Posts Tagged ‘James Franco’
May 23, 2013 | by Liz Brown
Sometimes there are things you didn’t know you wanted to see.
Like Michael Douglas, spangled and rouged, arms out in a white ostrich-trimmed cape, prancing sideways across a Vegas stage. This is barely two seconds of the trailer for Steven Soderbergh’s Behind the Candelabra, about the relationship between Liberace and his younger lover, Scott Thorson, but those are two seconds I want to see over and over.
Usually I get cranky and snide about biopics. The last one I saw was Hitchcock. I went to have my prejudices against the genre affirmed, and they were. I kept watching Anthony Hopkins in his fat suit and thinking about his makeup, the boom just outside the frame, the camera rolling back on its track, the contrivance of the whole thing—and not in some provocative, Brechtian sense. I left full of scorn for the labored verisimilitude and regurgitated history—a petty way to go to the movies, but kind of satisfying, too, in the way that being petty can be.
Maybe it’s a good film if you weren’t aware Alfred Hitchcock had a thing for so-called icy blonds and that he got creepily obsessive when it came to his leading ladies. And if that’s not clear from watching Hopkins/Hitchcock skulk around dressing rooms, Jessica Biel/Vera Miles explains it to Scarlett Johansson/Janet Leigh and us in a scene that feels more like a DVD featurette about the “making of” than dialogue between two people. Read More »
February 19, 2013 | by Claire Cottrell
7:00 A.M. Wake up to dog barking and strong skunk smell in house. Fear that door to garden was left open and skunk is loose in house. Get out of bed to confirm. Garden door is not open and skunk is not loose. Go back to bed for thirty minutes.
7:30 A.M. Get out of bed. Wash face. Gather belongings, including black cocoon coat purchased for an imminent trip to Paris found for sixteen dollars the day before at a second-hand store. Head home to Mount Washington.
8:00 A.M. Arrive at home. Make tea. Take daily vitamins. Make new favorite quick morning oatmeal: half cup of oats, two heaping tablespoons of maple syrup, cinnamon, chopped apple, fresh dates, walnuts, boiling water. Settle in to enjoy oatmeal and tea. Realize that laptop, aka lifeline, is in Amos’s car. Freak out. Cancel all morning obligations, citing laptop debacle. Text Amos.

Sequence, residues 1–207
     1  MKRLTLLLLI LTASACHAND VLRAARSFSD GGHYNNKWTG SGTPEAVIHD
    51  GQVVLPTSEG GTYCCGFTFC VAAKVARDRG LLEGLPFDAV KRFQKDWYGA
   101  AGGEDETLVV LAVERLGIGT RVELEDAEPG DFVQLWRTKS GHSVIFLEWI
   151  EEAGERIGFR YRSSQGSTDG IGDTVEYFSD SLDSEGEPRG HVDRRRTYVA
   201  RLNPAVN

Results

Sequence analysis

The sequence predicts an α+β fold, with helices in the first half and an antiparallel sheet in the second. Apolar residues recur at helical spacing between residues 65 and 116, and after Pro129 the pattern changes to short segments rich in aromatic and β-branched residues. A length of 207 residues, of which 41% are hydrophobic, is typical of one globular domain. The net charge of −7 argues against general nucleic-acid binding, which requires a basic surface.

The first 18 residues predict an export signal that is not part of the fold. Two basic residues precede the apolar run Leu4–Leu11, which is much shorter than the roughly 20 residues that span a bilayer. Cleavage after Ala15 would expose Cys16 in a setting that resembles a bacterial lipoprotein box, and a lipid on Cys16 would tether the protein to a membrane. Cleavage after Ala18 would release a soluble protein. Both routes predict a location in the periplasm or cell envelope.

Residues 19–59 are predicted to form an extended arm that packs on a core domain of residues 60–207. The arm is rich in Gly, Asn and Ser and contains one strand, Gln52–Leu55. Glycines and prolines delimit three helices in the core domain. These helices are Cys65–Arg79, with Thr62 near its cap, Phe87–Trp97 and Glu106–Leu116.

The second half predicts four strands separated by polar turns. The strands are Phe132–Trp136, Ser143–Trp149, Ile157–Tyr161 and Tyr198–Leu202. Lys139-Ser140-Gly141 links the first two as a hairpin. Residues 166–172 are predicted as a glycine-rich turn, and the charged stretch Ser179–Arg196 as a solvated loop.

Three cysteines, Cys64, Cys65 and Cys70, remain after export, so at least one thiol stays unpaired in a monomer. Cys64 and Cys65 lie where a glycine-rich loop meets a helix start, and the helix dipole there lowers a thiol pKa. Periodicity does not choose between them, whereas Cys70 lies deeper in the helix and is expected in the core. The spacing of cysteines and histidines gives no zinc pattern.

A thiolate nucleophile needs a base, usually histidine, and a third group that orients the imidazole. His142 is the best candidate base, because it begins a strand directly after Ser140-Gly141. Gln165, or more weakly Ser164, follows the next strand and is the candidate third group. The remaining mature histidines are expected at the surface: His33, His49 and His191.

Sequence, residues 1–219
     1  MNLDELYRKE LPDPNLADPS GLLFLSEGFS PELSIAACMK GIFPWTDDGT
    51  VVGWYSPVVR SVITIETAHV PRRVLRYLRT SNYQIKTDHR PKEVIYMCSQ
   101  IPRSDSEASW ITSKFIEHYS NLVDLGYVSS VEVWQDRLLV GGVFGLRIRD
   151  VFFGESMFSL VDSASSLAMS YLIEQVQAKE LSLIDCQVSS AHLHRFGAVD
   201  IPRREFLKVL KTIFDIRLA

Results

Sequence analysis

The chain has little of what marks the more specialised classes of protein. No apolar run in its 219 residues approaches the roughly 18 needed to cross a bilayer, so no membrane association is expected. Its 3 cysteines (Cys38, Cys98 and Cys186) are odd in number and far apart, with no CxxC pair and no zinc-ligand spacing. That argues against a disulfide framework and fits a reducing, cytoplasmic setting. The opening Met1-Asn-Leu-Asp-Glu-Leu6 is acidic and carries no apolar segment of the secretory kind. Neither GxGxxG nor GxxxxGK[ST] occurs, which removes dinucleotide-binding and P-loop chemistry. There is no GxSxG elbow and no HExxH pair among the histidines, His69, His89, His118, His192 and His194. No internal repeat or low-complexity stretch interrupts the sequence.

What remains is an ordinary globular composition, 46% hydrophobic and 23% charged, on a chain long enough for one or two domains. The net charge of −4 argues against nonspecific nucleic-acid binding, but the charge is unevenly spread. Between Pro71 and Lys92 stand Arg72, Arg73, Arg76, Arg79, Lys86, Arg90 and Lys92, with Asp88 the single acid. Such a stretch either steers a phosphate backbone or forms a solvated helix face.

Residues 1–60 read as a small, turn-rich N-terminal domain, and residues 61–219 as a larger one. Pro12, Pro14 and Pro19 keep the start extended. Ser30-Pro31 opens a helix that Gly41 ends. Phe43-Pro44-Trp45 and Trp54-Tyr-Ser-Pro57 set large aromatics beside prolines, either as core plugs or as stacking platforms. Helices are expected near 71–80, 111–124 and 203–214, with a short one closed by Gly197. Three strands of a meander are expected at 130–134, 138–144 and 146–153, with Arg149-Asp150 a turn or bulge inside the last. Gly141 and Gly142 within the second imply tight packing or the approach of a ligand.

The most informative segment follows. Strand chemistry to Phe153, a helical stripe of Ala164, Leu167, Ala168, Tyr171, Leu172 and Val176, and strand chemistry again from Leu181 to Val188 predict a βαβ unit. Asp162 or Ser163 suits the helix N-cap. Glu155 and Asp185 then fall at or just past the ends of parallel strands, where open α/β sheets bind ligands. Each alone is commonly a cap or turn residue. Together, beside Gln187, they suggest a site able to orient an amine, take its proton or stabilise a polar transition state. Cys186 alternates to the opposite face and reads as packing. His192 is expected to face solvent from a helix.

8:05 A.M. Amos drops off laptop.
8:10 A.M. Finish oatmeal. Finish tea. Resume all morning obligations. Including: reviewing reactions to Sybil’s sad demise on last night’s Downton Abbey, looking at Atelier Bow-Wow’s pet architecture—otherwise known as teeny tiny buildings on teeny tiny sliver of land—for an article, researching Bruno Munari’s useless machines for a contribution to the new arts journal, synonym.
9:15 A.M. Tackle e-mail. Respond to e-mails from three weeks ago. Debate including ‘apologies for the delayed response.’ Decide against it thinking, No need to always apologize. For all they know I answer e-mail every few weeks because I live in a cabin removed from civilization and spend most of my time in nature. Read More »
April 30, 2012 | by Sadie Stein
January 4, 2012 | by Sadie Stein
October 25, 2011 | by The Paris Review
The other night James Franco curled up with Amie Barrodale’s story “William Wei,” from issue 197. Then he sent us the tape.
Click here for the finished, cleaned-up audio version.
Click here for the video:
Click here to buy the issue.
Stay tuned for more dramatic readings by fans of The Paris Review.
July 27, 2010 | by Natalie Jacoby
Super Sad True Love Story switches between letters, diary entries, and dialogues. Why did you choose these formats?
Well, you know, it’s sort of hard to read an entire book cover to cover these days. Most people just don’t come with the same equipment that we used to have. When they look at a book they think, “Oh my God, it’s so many pages! What am I going to do? How will I ever get through this?” So, you’ll notice the cover of this book is very flashy—it’s almost like you want to press parts of it, hoping that something will pop up. So, the insides of the book—the “text” you would call it—have the same kind of approach to it. Everything is mixed up, and different stuff comes at you at different speeds. Just as the reader is about to fall asleep with one kind of format, all of the sudden it changes.
Your new book also features some bizarre clothing trends, especially those Onionskin jeans. What’s your assessment of fashion today?
Well, first of all, a couple years ago the pubic bone started making an appearance. I’ve never seen so many pubic bones! I mean, it’s shocking. I know them so well now. Forget the asscrack--that’s been around for a while.
After placing two novels in the Soviet Union, why did you move away from that setting for your third novel?
Boy, it’s getting tiring! You know? When I was growing up in the Soviet Union, it collapsed. I wrote about that collapse in two books already, but I have an uncanny feeling we’re not doing very well here, too. I think I have a sixth sense when it comes to failing empires. That’s sort of my specialty. If I were around during the Roman Empire I’d be writing a book a week. I’d be so happy! I love things on the decline because that’s really the natural progression of our lives. We’re born, we’re feisty for the first couple of years, and then the inevitable decline begins. That’s what appeals to me—the long slide into oblivion. Read More »